This new book is so entertaining, you won’t even realize you’re learning about chemistry. George Zaidan, science writer and television host, writes with casual humor, and illustrates his book with his own hand-drawn sketches.
However, this book was not what I expected, based on the title and the cover, which features an image of a giant Cheeto. I thought the book would be about, well, Cheetos, and other junk food, and cosmetic products, and how good or bad they are for us. And the book is about those things, to an extent. But even more, this is a book about the scientific method.
Zaidan doesn’t simply provide answers. He wants the reader to understand the strength of evidence on given questions like “is junk food bad for us?” and “does sunscreen protect us from cancer?” He devotes an entire chapter to how we know that smoking is bad for us. It may seem self-evident now, but for decades this was disputed. It’s often quite difficult to prove that anything harms or helps us, and to what degree. There are too many variables that are difficult to control.
Zaidan’s explanations of how science works, and how to critically evaluate scientific studies, are clear and interesting. Just know that you will spend more time learning about these things than learning about what to eat or put on your body.
As a coffee addict, I was excited to read the chapter entitled “Is Coffee the Elixir of Life or the Blood of the Devil?” Frustratingly, the author does not provide a conclusion regarding the healthfulness of coffee, or even an opinion. The author uses the history of conflicting research on coffee to make the point that it’s difficult for science to provide definitive answers. He provides excellent explanations of associations and probabilities; but offers but no conclusion on the coffee question.
One of the most interesting chapters is on food preservation, which Zaidan compares to corpse embalming: “If you’ve ever enjoyed dried and salted cod, you’re eating the corpse of a fish preserved in approximately the same way as the ancient Egyptians preserved the corpses of their kings, except, instead of table salt the ancient Egyptians used natron.” He also tells the story of aphids and their honeydew poop, eaten by animals and people, to further make the point that some food processing is natural and necessary.
One of the book’s most provocative ideas is that sunscreen may not be worth using. He doesn’t say sunburn is OK, but advises minimizing time in the sun that could lead to sunburn. Sunscreen makes us stay in the sun longer, he points out, often leading skin to become sun-damaged in spite of the sunscreen. And there are insufficient studies on the safety of chemicals in sunscreens that get into our bodies through our skin.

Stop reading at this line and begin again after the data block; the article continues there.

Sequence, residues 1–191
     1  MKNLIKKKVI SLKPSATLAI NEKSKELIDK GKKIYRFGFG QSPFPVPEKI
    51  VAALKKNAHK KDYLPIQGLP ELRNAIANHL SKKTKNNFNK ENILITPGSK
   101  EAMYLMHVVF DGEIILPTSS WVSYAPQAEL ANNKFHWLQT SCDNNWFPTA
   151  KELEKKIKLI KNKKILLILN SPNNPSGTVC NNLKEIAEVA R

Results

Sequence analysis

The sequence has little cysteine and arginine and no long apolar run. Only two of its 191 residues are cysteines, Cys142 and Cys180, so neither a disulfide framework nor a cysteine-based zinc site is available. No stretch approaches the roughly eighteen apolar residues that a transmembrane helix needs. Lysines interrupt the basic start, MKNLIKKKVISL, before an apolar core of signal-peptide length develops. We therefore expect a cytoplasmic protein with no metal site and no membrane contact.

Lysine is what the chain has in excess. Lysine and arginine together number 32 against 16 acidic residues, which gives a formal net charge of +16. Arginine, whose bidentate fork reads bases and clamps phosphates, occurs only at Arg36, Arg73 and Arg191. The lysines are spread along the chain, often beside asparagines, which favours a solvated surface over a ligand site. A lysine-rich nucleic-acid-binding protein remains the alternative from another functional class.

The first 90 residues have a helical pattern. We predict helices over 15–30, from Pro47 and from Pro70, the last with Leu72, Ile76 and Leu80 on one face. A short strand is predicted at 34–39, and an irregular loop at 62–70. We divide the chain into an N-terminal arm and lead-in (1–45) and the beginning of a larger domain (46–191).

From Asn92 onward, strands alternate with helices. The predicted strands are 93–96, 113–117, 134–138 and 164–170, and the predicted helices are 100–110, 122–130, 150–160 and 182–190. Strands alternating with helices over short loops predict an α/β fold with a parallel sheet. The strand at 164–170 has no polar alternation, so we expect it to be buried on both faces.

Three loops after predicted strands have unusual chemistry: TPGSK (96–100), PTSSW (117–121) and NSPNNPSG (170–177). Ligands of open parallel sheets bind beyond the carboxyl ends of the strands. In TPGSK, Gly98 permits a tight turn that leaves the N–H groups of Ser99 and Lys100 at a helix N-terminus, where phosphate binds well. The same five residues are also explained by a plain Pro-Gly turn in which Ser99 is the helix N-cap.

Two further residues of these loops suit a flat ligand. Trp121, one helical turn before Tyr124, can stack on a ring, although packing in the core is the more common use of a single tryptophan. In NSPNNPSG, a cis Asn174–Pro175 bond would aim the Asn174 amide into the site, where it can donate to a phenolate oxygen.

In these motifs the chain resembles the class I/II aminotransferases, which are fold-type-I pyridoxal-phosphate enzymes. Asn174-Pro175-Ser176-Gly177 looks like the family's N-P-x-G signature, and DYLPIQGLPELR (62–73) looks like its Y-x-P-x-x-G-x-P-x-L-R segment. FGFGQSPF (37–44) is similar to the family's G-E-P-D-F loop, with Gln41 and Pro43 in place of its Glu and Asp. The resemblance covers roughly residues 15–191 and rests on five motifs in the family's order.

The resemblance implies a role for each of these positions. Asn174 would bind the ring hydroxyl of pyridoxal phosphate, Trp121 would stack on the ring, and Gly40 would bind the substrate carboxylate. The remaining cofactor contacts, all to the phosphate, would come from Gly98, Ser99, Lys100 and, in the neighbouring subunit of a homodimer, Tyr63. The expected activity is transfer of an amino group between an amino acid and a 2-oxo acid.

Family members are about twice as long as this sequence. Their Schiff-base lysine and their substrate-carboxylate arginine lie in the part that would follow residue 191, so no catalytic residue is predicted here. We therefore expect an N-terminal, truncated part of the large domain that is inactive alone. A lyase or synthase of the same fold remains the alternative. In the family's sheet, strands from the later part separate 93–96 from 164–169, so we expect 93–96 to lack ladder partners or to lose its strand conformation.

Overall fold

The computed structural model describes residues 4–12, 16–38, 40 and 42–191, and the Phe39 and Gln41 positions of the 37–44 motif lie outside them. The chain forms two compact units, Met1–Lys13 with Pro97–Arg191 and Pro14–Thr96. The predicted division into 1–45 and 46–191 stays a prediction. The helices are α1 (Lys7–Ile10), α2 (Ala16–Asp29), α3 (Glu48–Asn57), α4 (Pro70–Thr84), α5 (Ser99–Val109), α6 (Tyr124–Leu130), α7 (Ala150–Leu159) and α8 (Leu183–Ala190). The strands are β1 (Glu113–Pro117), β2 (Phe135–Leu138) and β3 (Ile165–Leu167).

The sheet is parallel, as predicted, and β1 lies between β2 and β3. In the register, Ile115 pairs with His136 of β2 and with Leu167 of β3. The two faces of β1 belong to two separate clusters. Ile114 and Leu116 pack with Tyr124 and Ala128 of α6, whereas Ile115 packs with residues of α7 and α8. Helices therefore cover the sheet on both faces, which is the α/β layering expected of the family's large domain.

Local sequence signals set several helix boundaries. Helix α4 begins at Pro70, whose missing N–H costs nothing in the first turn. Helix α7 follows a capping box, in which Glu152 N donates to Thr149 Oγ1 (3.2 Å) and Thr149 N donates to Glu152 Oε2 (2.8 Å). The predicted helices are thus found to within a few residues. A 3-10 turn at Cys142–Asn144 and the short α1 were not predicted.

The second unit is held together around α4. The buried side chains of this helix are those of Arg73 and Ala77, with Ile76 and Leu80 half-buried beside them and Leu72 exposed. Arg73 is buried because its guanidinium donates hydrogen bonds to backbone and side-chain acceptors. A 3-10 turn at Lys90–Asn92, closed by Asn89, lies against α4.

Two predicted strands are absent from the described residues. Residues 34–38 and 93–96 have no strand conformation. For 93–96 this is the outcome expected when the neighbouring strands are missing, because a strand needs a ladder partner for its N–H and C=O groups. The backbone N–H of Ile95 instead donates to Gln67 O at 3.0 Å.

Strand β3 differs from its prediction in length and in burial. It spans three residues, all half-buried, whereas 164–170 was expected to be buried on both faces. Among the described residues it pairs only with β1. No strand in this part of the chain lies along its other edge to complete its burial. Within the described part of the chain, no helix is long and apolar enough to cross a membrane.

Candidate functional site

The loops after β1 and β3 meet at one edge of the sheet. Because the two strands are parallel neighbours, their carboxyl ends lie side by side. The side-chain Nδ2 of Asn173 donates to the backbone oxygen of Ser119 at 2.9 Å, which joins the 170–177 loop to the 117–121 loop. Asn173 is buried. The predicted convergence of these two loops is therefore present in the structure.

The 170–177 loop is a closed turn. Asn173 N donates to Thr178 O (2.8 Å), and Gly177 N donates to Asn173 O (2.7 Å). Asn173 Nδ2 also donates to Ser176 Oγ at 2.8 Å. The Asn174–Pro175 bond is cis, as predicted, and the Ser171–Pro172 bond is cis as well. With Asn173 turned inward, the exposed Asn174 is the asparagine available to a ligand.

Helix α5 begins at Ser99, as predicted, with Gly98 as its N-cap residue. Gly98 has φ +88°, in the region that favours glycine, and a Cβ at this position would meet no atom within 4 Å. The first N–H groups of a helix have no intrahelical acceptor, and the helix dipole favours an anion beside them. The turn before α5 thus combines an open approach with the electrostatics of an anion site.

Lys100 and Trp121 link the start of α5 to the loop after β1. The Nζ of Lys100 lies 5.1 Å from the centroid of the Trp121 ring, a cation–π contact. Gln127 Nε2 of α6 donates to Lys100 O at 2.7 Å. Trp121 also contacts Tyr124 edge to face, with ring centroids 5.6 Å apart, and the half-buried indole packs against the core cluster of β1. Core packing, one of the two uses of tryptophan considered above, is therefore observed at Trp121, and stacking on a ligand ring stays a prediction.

The answer to the question of whether or not you should eat that Cheeto comes in the very last chapter of the book. Spoiler alert: processed foods are not good for you. More interestingly, Zaidan attempts to answer the question of “how not good for you are they?” And he provides a very specific answer: for every 10 percent increase in the proportion of ultra-processed food in the diet, the annual risk of death goes up by 14%. This translates to about 1.3 years of lost life for every 10% increase in processed food in the diet.
Which, you may be thinking, is not as bad as you thought. Maybe even worth it, to keep potato chips, Oreos and Cheetos in your life?
As a certified nutritionist and health food nut, I’m dismayed by this. Not because I want people to be sicker from junk food. But such conclusions don’t take quality of life into account. Even if one doesn’t develop diseases like diabetes or cancer from a lifetime of eating junk food, one likely would not feel one’s best.
Zaidan sums up his thesis in the last chapter by saying, seemingly to those of us who tirelessly champion healthy behaviors: “Relax, dude.”
But just like many people surmised that smoking wasn’t healthy before it was proven by science, it doesn’t take decades of rigorous research to know that you are better off eating an apple than a Cheeto.
So, this book offers counter-intuitive advice—don’t worry too much about junk food or sunscreen. This may come as a relief to some people who are made anxious by the dire warnings of health zealots. But it also may give excuses to those looking to give up on healthy habits.
This book is a great read if you’d to learn more about science and the scientific method, as they relate to ingredients in consumer products. I am not sure his perspectives will make us more healthy, but they will provide welcome balance to debates about health advice.